Although this is really a desktop radio, I'm quite looking forward to slinging it in the car in Spring and having a play outdoors, higher up than my home QTH. I reckon it'll be a lot of fun. I also think I'll come to love this radio like I do my PL-680.  In fact, I will try to do a side-by-side comparison of the two over the weekend and report back. I'll try my ELECRAFT AX-1 on it too!

Found this lovely pic on Facebook

ABOVE : Here’s a small sample of the Tecsun S2000 on SSB using an outdoor resonant antenna. This signal could hardly be copied with the internal antenna.

Thanks for visiting the blog.

Leave any comments below.

73, Tom, M7MCQ.


I managed to get hold of a Tecsun AN200 Loop antenna and tried it on both the S2000 and the PL-680. I have to tell you that it was DEFINITELY inferior to the radios internal ferrite bar! No doubt about it whatsoever! Don't waste your money if buying it to use with either of those two great radios.

I'll try the loop with some other (cheaper) transistor radios and see if it makes an improvement there, but it certainly doesn't improve reception on the S2000 or PL-680.

Thanks for visiting - please take a minute to leave a comment below 

73, Tom, M7MCQ.


Radiocollector said...

Hi Tom, a great run down on the s2000. One thing, the Grundig 750 is made by Tecsun as well, I think it was "badge engineered" for the US market. I enjoy using my S2000 as well. Well done.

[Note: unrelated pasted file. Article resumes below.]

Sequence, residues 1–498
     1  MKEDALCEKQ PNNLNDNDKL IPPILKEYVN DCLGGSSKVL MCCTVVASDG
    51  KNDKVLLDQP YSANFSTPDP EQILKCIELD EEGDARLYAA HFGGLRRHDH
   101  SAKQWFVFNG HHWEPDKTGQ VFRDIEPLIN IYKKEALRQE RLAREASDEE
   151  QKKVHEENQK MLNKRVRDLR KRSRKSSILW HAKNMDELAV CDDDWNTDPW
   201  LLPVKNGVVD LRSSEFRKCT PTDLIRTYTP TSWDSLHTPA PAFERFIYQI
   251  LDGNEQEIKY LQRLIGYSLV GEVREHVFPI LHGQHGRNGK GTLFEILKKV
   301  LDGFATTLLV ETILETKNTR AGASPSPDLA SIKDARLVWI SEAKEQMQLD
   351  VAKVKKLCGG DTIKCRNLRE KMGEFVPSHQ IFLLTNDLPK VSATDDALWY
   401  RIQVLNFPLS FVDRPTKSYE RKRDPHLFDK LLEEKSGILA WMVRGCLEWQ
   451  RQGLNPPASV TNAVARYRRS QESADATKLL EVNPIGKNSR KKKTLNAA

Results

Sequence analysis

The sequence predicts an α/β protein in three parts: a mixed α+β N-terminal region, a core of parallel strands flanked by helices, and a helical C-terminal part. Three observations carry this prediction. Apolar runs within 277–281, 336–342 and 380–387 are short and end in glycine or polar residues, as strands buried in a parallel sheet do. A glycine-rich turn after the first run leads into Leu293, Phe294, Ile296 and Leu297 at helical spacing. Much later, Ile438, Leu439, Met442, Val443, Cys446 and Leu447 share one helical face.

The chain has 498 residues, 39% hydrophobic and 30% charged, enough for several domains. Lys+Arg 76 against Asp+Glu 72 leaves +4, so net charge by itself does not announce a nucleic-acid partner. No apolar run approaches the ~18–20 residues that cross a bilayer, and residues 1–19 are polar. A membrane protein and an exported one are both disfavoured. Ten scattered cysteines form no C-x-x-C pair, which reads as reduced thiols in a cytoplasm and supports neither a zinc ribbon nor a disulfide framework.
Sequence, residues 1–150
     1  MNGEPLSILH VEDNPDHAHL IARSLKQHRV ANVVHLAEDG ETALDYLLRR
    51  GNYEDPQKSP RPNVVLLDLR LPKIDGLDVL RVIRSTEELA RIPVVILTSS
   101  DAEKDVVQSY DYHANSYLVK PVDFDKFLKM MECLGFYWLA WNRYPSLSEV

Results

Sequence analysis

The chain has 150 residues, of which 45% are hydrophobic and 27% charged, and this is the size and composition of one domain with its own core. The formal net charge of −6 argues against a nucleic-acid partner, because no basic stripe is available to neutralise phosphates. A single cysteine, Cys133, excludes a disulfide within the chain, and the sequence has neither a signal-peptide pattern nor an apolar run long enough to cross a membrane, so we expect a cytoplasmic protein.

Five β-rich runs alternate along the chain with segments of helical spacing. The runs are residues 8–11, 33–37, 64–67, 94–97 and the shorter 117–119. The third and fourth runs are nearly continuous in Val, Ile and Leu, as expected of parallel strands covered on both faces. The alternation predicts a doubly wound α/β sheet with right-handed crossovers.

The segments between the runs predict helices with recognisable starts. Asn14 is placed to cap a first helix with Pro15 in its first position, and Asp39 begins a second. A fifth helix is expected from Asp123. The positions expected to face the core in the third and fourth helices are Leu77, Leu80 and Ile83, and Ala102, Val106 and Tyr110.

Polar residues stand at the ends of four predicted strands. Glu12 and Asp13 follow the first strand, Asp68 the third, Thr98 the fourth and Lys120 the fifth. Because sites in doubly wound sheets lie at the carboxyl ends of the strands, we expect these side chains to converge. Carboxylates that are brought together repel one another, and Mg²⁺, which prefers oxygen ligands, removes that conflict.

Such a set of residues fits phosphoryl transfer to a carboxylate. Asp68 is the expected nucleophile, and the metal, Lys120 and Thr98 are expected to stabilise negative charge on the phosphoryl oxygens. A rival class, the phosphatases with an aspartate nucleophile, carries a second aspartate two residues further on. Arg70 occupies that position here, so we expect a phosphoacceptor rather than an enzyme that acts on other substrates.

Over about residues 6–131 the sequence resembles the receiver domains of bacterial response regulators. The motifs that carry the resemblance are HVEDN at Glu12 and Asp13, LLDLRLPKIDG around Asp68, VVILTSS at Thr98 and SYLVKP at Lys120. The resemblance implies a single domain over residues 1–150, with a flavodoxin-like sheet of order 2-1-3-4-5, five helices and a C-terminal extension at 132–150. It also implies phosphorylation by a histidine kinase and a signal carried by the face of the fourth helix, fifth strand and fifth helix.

Cheers from Australia... Phil VK2GJF

MadDogMcQ said...

Hi Phil, thanks for the visit. The Eton/Grundig 750 badged version ended production back in 2017 I think. They're all great though aren't they? All the best for Xmas 73, Tom.

Unknown said...

How long is the telescopic antenna

MadDogMcQ said...

How long? Not sure (I'm away from home right now). I reckon it's around a metre long but most of the time I only need it half way up - I live in a good reception area.

Bill G4CFP said...

Good review Tom, you have definitely done your homework

Bhatti said...

How can we purchase this Tecsun s2000 from Pakistan

MadDogMcQ said...

Thank you Bill. 73, Tom, M7MCQ

MadDogMcQ said...

Hi Bhatti, thanks for the visit. I'm really not sure how you would order one for a Pakistan delivery. Have you tried Amazon??

Thanks for visiting the blog.

Best wishes, Tom, M7MCQ.

Karl said...

I have been toying with this for years in the 70s l used to spend hours an hours on my CB radios, but with mobile phones they went out of fashion, l finally bit the bullet and ordered one, the AB will be good l live near an airport, but want to try the SW and find out what’s going on in the world, it sounds good quality l am looking forward to delivery will keep me occupied during dark winter nights.

Doug said...

Hi Bhatti,

I purchased mine from;

Gerardo Moochie said...

Can you comment on the "DRM 455/12kHz converter etc" output jack on the back of the radio? I have the Grundig equivalent and it does NOT have that facility. Is there a simple add on of that jack to the Grundig.

MadDogMcQ said...

Excellent Karl. I do hope you have lots of fun with it!

Thanks for visiting.

Kind regards, Tom, M7MCQ.

MadDogMcQ said...

Hi Gerardo,
I've not tried the IF-OUT but I'm guessing it would work fine with my SDRPLAY RSP1A. Unfortunately, I don't have it setup to the computer right now, but when I do, I'll give it a quick test.